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A relative weights comparison of trauma-related shame and guilt as predictors of DSM-5 posttraumatic stress disorder symptom severity among US veterans and military members.
Cunningham KC, Davis JL, Wilson SM, Resick PA. A relative weights comparison of trauma-related shame and guilt as predictors of DSM-5 posttraumatic stress disorder symptom severity among US veterans and military members. The British journal of clinical psychology. 2018 Jun 1; 57(2):163-176.
Veterans and military service members have increased risk for post-traumatic stress disorder (PTSD) and consequent problems with health, psychosocial functioning, and quality of life. In this population and others, shame and guilt have emerged as contributors to PTSD, but there is a considerable need for research that precisely demonstrates how shame and guilt are associated with PTSD. This study examined whether a) trauma-related shame predicts PTSD severity beyond the effects of trauma-related guilt and b) shame accounts for a greater proportion of variance in PTSD symptoms than guilt.
We collected cross-sectional self-report data on measures of PTSD symptom severity based on Diagnostic and Statistical Manual of Mental Disorders, Fifth Edition (DSM-5) criteria, trauma-related shame, and trauma-related guilt via online survey.
Participants included 61 US veterans and active duty service members. Hierarchical multiple regression and relative weights analysis were used to test hypotheses.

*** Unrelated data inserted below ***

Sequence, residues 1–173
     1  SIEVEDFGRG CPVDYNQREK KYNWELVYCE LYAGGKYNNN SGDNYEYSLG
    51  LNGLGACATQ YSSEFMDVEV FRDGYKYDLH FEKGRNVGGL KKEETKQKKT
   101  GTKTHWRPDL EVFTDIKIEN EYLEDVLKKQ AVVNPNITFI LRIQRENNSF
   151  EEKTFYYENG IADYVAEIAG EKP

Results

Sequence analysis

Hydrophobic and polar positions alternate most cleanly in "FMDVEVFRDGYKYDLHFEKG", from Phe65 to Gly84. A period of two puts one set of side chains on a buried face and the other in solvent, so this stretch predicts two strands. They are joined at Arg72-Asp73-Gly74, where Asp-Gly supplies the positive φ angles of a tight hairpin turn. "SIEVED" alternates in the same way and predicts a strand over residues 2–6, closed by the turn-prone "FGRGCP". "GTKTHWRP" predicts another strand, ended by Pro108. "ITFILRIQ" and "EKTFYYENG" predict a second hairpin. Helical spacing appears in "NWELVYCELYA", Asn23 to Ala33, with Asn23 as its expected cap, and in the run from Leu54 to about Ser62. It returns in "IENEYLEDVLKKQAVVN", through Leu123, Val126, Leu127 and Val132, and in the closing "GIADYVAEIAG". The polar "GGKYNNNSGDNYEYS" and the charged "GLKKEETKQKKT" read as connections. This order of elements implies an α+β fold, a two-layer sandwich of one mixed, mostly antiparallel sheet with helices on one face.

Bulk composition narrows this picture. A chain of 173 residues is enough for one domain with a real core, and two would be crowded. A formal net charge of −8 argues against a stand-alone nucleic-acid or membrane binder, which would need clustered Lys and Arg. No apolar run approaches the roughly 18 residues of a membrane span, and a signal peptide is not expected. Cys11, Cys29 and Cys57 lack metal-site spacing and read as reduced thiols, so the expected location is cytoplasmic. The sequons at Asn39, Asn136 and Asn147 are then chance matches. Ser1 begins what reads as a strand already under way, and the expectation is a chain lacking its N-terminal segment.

In step 1 of regression analysis, guilt was significantly associated with PTSD. However, when shame was added to the model, the effect of guilt became non-significant, and only shame significant predicted PTSD. Results from relative weights analysis indicated that both shame and guilt predicted PTSD, jointly accounting for 46% of the variance in PTSD. Compared to guilt, trauma-related shame accounted for significantly more explained variance in PTSD.
This study provided evidence that among US veterans and service members, trauma-related shame and guilt differ in their association with PTSD and that trauma-related shame, in particular, is associated with the severity of PTSD.
Trauma-related shame and guilt explained almost half of the observed variance in PTSD symptom severity among this sample of US military veterans and service members. Trauma-related shame and guilt each made a unique contribution to PTSD severity after accounting for the similarity between these two emotions; however, shame was particularly associated with increased PTSD severity. These results highlight the importance of assessing and addressing trauma-related shame and guilt in PTSD treatment among military populations. We suggest that emotion- and compassion-focused techniques may be particularly relevant for addressing trauma-related shame and guilt. Limitations of the study Cross-sectional data does not allow for determination of causal relationships. Although sufficiently powered, the sample size is small. The present sample self-selected to participate in a study about stress and emotions.